MAY 10, 1972.
ALICE M. PERISICH, PLAINTIFF-APPELLANT,
RUDOLPH PERISICH, DEFENDANT-APPELLEE.
APPEAL from the Circuit Court of Cook County; the Hon. SIDNEY
JONES, Judge, presiding.
MR. JUSTICE ADESKO DELIVERED THE OPINION OF THE COURT:
Plaintiff, Alice Perisich, appeals from an order which modified the original divorce decree by sustaining the counter-petition of the defendant, Rudolph Perisich, for a change of custody of their two minor children. On appeal the plaintiff's contentions are:
(1) That the trial court abused its discretion by ordering that the permanent custody of the two minor children of the parties be changed from the mother to the father without a finding of the mother's unfitness nor evidence of a change in circumstances which would warrant such a change of custody; and
(2) That the trial court erred in using a report submitted to it by the Department of Welfare to aid in making its decision.
The facts are as follows:
On January 22, 1969, a decree of divorce was granted and plaintiff was given custody of the two minor children, Lisa age 10 years and Anton, age 4 years. On August 14, 1970, plaintiff filed a post-decree petition for leave of the court to move to Florida with the minor children. On September 4, 1970, defendant answered the petition and counter-petitioned asking for permanent custody of said children. On September 21, 1970, an order was entered directing the Cook County Department of Welfare to investigate the matter and to file its report with the court. On December 1, 1970, an order was entered denying the plaintiff's petition. On July 19, 1971, a hearing on defendant's counter-petition was held. Defendant testified as to the sleeping habits of plaintiff as related to him by the children; that the children missed several days from school; that defendant's sister would care for the children during the day; and that the children wanted to live with him. Defendant further testified that the plaintiff stayed out all night on occasions when the children were at his house for the overnight visitation.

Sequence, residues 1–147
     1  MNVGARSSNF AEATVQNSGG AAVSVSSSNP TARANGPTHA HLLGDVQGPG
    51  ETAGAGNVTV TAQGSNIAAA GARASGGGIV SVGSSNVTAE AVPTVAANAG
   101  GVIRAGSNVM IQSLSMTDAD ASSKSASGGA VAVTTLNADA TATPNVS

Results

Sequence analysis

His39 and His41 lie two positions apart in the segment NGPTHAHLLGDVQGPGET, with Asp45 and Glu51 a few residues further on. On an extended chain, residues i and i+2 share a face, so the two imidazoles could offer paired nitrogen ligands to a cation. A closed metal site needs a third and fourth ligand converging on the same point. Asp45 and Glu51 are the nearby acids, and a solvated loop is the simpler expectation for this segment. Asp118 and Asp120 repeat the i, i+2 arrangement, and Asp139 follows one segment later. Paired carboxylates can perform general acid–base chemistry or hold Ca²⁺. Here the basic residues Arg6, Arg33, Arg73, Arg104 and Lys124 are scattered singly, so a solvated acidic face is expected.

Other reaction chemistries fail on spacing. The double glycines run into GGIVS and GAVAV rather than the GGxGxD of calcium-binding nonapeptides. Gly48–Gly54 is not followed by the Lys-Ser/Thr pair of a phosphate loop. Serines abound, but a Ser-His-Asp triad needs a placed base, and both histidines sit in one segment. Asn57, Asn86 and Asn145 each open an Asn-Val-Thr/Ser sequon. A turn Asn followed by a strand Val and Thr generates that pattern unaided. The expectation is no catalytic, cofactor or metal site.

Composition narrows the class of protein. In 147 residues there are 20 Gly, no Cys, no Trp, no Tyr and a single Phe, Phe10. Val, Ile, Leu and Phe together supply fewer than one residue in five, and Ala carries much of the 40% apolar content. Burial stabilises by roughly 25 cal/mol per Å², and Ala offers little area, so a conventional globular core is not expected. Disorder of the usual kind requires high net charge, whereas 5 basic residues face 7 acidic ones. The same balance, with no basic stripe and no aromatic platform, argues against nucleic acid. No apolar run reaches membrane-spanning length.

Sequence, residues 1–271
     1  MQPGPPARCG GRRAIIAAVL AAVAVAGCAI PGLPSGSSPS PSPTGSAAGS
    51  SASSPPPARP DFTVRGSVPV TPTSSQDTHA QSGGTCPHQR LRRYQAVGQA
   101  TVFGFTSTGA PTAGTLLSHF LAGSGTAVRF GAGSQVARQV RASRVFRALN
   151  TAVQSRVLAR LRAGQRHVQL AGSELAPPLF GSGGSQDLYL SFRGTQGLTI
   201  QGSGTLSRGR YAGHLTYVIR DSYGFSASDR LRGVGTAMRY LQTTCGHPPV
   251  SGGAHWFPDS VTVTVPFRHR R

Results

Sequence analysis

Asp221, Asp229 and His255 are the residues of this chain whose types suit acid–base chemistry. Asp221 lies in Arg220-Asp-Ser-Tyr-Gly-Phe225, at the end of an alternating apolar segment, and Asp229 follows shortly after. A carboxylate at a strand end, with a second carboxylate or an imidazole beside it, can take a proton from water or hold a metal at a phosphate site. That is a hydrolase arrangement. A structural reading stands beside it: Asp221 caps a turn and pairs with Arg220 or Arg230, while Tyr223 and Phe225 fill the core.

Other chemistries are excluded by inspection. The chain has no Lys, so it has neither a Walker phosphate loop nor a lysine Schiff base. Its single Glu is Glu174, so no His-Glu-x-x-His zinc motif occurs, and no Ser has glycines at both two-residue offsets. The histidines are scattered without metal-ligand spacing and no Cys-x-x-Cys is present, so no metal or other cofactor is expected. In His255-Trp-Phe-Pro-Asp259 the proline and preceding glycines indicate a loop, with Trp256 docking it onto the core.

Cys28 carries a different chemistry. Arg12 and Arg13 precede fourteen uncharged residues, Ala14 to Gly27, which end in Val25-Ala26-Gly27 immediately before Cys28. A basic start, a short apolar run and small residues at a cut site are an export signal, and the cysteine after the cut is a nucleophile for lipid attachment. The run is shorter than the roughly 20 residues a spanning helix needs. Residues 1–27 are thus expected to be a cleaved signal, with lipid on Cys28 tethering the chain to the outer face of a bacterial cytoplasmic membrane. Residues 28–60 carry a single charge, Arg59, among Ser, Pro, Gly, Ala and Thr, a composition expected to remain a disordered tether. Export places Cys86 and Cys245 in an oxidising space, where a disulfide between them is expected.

Excerpts from the November 20, 1970, report submitted by an investigator from the Cook County Department of Welfare stated that the plaintiff's home was cluttered and filthy. The report stated that the plaintiff stayed out all night, frequented bars and had young male friends. The report further stated that the children were good students and were liked by their teachers and many friends. There was no evidence that the children were not properly sent to school.
Plaintiff testified that the investigator visited her for less than an hour and saw only her living room and kitchen which were both clean except for some breakfast dishes in the sink. Plaintiff also testified that the children never expressed a desire to live with their father and that they were well behaved and bright students.
After a hearing the trial court directed that temporary custody of the children be given to the defendant until September 1, 1971. On September 1, 1971, the court ordered that both plaintiff and defendant were fit and proper persons to have custody of the children but that it was in the best interests of the children that they reside with the defendant.